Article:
3D printing fluorinated polymers

Materials innovator 3M has developed a 3D printing technology using fully fluorinated polymers. It said the technology is particularly exciting for PTFE (Polytetrafluoroethylene) applications and is aimed at the automotive, chemical processing, medical as well as energy and aerospace markets.

The process allows 3D printing as an additional and differentiated way of processing fully fluorinated polymers. It paves the way for the production of polymer structures in a single processing step rather than moulding and assembling component parts. Using this method, 3M is pioneering the 3D printing of PTFE that is used in a wide range of applications such as sealing and lining.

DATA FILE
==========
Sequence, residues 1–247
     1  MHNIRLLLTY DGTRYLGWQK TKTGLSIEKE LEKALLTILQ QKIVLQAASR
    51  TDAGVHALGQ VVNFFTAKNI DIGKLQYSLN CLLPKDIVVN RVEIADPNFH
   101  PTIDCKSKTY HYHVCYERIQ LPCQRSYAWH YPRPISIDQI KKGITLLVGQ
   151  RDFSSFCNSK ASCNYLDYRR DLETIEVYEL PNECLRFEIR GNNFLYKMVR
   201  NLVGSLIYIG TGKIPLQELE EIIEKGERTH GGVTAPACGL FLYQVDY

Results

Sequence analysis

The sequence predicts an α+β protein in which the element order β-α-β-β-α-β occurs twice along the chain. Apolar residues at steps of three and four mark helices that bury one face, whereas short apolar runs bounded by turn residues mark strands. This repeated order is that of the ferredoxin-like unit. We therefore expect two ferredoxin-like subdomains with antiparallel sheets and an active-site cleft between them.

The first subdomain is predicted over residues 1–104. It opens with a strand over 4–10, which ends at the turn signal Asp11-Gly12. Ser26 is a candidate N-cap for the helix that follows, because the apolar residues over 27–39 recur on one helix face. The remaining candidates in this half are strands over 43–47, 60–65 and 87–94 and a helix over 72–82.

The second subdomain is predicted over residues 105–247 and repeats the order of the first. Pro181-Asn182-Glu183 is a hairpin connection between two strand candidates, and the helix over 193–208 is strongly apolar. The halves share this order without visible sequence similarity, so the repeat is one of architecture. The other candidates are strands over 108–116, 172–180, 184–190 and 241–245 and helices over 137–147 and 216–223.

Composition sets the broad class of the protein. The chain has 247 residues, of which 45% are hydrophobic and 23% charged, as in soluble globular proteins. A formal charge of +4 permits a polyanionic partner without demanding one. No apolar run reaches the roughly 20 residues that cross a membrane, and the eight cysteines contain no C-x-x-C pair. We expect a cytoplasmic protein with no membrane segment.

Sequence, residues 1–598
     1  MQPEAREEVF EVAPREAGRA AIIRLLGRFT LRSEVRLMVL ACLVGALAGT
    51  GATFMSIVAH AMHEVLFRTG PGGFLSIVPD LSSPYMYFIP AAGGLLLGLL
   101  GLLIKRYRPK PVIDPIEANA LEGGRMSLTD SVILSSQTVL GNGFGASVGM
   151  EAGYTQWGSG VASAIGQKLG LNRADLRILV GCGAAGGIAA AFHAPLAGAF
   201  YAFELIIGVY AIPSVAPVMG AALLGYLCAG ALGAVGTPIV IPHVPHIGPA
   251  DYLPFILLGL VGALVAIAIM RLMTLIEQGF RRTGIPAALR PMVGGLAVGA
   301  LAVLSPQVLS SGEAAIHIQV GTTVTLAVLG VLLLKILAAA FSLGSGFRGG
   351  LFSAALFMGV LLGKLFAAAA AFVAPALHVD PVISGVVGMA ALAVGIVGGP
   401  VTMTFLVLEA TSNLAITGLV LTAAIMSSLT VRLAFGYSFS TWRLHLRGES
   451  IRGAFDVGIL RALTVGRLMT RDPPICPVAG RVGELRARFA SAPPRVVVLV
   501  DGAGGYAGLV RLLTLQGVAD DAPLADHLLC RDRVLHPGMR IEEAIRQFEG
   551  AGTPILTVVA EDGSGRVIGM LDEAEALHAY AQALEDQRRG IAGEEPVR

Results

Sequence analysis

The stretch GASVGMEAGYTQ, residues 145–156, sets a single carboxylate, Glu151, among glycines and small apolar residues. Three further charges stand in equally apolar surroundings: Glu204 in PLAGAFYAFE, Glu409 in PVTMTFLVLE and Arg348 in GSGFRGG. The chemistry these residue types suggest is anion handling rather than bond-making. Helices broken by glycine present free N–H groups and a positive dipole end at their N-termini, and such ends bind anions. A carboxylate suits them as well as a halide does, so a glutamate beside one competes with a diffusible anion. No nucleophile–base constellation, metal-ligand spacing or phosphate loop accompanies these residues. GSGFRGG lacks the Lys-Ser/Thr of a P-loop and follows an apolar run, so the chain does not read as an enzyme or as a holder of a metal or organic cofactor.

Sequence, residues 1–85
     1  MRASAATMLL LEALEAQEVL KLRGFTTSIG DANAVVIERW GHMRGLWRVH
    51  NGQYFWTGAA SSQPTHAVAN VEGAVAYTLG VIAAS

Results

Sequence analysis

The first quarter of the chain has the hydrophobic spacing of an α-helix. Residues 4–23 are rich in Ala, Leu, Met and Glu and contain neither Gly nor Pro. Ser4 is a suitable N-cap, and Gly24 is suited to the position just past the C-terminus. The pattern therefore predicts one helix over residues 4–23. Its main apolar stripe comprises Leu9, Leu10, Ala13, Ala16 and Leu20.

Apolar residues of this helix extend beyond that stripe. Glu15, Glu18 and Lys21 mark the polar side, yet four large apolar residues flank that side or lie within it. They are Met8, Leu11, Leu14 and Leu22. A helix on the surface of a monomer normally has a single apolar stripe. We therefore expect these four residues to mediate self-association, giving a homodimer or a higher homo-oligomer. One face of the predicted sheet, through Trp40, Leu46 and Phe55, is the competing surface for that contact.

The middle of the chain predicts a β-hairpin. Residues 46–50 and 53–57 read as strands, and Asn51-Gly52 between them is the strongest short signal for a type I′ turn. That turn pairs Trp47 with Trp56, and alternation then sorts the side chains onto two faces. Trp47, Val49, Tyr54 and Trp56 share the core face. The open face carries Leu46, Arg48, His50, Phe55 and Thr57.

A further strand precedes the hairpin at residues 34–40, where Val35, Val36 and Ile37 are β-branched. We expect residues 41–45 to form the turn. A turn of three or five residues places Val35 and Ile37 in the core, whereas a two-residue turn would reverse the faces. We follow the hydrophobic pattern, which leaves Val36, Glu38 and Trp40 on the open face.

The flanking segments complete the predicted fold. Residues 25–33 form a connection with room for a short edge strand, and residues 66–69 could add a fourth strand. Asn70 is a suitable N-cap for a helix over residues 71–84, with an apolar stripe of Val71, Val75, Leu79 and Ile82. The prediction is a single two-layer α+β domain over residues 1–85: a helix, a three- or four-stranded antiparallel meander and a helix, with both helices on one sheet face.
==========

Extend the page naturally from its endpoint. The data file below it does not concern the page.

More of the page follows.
3M has selected stereolithography, also known as Vat Polymerisation, as the Additive Manufacturing process method for PTFE and other fully fluorinated polymers. The printed parts show similar physical properties to those produced using traditional processing techniques.

Stereolithography involves the curing or solidification of a photosensitive material using an irradiation light source. Typical tailor-made formulations used for 3D printing fully fluorinated polymers by stereolithography contain in addition to fully fluorinated polymers a binder and optional additives. The three processing steps required are aqua gel formation, drying and removal of the binder during heat treatment. This method can be used for PTFE compounds, too.

Author
Justin Cunningham

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